Consult a professional – Inform your physician about your interest.  Print off the appropriate pages from this website and hand it in - they will be useful for any health care professional. Click here for tips on how to initiate and conduct a constructive conversation with your doctor about medicinal plant use.

The best possible resource to advise on the safe and effective use of therapeutic plants is a well-qualified professional specialist practitioner.  He or she be able to identify and prevent potential problems and interactions, and also help to choose appropriate herbs for you as an individual and aid in the monitoring of progress.  To learn more about finding and seeing a professional herbalist, click here.

Critique your herbal product – Some of the most serious safety concerns about using herbs involves the proper identification, processing and labeling of plant material.  Therapeutic herbal products are a largely unregulated industry, raising serious questions about the quality of the plant material and the validity of production methods. Avoid obtaining your remedies from someone who promises too much. Plant remedies have gentle supportive effects – they are not miracle workers. Those who claim miracles are thinking more of themselves than of you! Probably the most commonly documented reason for toxic or adverse reactions to herbal products is the presence of adulterants defined as the intentional or unintentional presence of undeclared ingredients which impact adversely on the safety of the product. This adulteration may be due to:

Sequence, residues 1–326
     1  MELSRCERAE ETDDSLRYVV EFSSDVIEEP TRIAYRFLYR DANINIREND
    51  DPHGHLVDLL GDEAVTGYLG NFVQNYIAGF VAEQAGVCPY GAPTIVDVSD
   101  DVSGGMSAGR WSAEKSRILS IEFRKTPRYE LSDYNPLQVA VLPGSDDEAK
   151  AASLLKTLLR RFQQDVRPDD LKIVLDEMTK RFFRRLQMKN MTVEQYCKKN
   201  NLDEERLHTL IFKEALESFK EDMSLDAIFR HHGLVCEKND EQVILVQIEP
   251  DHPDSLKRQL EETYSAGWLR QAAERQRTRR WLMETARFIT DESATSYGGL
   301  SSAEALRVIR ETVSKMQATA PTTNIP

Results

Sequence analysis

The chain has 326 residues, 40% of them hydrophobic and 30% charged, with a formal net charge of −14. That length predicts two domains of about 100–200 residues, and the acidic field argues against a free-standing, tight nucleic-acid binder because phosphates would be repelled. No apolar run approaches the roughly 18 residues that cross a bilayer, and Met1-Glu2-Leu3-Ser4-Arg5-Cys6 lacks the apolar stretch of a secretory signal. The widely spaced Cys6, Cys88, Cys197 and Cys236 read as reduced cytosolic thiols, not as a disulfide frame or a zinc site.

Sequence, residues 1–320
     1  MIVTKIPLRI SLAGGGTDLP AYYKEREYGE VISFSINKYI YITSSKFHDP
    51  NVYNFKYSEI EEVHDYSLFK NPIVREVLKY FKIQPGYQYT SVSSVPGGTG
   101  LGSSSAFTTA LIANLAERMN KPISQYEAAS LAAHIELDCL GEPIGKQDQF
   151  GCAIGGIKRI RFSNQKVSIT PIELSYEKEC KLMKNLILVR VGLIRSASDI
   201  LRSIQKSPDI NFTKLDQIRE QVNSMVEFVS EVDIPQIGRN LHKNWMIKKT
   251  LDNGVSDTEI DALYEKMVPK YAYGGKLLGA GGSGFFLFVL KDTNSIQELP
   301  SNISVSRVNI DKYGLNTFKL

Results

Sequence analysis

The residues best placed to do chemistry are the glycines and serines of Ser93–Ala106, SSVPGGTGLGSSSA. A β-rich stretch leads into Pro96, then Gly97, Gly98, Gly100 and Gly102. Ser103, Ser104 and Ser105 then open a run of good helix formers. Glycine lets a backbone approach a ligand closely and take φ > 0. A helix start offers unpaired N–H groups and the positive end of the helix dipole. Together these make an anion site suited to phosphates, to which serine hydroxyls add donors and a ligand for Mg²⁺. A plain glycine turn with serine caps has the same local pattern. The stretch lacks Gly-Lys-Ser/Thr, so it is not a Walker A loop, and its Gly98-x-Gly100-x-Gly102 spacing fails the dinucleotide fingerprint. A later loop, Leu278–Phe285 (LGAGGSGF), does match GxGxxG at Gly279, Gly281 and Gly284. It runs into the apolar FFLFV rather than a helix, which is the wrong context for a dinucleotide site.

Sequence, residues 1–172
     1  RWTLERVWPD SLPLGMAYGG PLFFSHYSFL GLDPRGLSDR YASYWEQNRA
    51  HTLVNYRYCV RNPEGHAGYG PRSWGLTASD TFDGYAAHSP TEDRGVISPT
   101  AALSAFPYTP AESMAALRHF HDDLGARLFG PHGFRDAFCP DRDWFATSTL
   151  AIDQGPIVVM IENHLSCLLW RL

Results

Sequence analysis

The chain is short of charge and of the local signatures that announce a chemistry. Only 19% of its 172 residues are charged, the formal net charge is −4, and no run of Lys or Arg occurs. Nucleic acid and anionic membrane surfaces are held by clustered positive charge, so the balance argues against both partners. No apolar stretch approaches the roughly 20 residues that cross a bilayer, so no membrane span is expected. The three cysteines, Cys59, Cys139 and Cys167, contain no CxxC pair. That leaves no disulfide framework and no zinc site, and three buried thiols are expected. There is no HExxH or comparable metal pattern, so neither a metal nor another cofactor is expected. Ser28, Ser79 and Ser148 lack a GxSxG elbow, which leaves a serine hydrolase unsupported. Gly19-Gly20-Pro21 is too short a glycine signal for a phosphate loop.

• Unintentional or intentional substitution of one or more herbal ingredients with toxic species.

  • Intentional addition of a conventional chemical drug, either of natural or synthetic origin.

  • Environmental contamination of the herb with a chemical or pathogen.

  • Intentional addition of a “natural” active component which is responsible for the adverse reaction, such as a microorganism, mineral or nutrient.